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A Trip To Finland

 

After leaving Piteå in Sweden,1 we drove to Finland.  In the city of Pietarsaari/Jacobstad we discovered the unusual Arctic museum called Nanoq.2  Many relevant and interesting facts about Arctic and Antarctic life are displayed in a simple and impressive manner.

 

And finally, at the end of our big Scandinavia “Cook” tour we went to Turku to honour the first Finish world traveller, Herman Diedrich Spöring.  Unfortunately he passed away just before the end of the Endeavour voyage.  

 

Spöring was born, and grew up, in Åbo, as Turku was then known, which was then part of Sweden.3  After attending the university in Turku he went to Uppsala and met there Carl von Linné.  

 

About 1755 he moved to London, where he became a clocksmith.  He got to know Daniel Solander.  In 1768 he joined the Endeavour voyage.

 

In honour of Herman Spöring there is a memorial stone in the wall of the Aboa Vetus & Ars Nova museum by the river Aura.4  The stone was brought from Spöring Island, New Zealand, and was installed in his remembrance at this place in 1990. 

 

In the Institute of Migration is a small room for the study of the history of Finnish navigation.  There are many books to look at, including some on Captain Cook.  On a shelf there is a bust of Herman Spöring, unveiled on 21 March, 2007.  It is one of a pair, the other one being at the University of Auckland.5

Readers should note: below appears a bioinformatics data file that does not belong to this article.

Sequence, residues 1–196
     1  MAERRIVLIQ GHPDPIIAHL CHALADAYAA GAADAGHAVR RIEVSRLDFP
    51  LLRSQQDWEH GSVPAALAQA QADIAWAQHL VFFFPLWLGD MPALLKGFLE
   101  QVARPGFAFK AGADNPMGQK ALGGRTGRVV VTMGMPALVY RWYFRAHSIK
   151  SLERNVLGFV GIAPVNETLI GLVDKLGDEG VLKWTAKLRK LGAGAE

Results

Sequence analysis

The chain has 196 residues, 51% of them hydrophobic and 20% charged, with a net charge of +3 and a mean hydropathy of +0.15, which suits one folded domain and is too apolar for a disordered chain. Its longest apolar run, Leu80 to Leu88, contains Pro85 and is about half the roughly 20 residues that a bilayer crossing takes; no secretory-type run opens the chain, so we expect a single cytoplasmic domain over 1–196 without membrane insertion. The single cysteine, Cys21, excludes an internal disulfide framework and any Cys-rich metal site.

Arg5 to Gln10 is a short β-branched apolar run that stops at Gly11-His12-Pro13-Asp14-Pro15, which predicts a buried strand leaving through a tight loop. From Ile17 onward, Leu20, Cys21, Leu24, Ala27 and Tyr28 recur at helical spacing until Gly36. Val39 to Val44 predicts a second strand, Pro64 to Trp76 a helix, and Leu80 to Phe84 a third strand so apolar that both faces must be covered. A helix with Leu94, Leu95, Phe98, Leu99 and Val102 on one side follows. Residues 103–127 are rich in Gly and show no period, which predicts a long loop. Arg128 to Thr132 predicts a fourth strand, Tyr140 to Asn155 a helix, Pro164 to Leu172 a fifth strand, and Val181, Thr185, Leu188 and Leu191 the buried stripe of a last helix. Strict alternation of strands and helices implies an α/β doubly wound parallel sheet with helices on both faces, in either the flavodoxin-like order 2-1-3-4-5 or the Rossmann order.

On the wall were pictures of some of the places he visited, including Spöring Island, Tolaga Bay.  In a corner was a model of Endeavour.  In the middle of the room was a box, thought by some to be Spöring’s original sea chest.

 

We hope other members get the chance to see these places.

Teija and Michael Spiekien

Welcoming sign to Nanoq.

We found a reference to James Cook’s farthest south on 30th January, 1774, on one of the displays.

The glass-fronted display in a museum wall

in the port of Turku, formerly Åbo,

south-western Finland.

Herman Spöring  1733 - 71.

The glass makes it difficult to take photographs

as the reflection is so strong.

Michael Spiekien at the Spöring memorial.

Some of the stones in the Spöring memorial.

Inside the small room for the study of the history of Finnish navigation at the Institute of Migration, Turku.

Bust of Herman Spöring.

A model of Endeavour in the corner of the room.

Spöring’s original sea chest?

References

  1. Cook’s Log, page 22, vol. 38, no. 3 (2015). 
  2. According to www.nanoq.fi/  the word nanoq means polar bear in the Greenland language.
  3. Cook’s Log, page 19, vol. 29, no. 2 (2006). 
  4. Cook’s Log, page 35, vol. 29, no. 4 (2006). 
  5. Cook’s Log, page 12, vol. 38, no. 3 (2015). 

Originally published in Cook's Log, page 34, volume 38, number 4 (2015).

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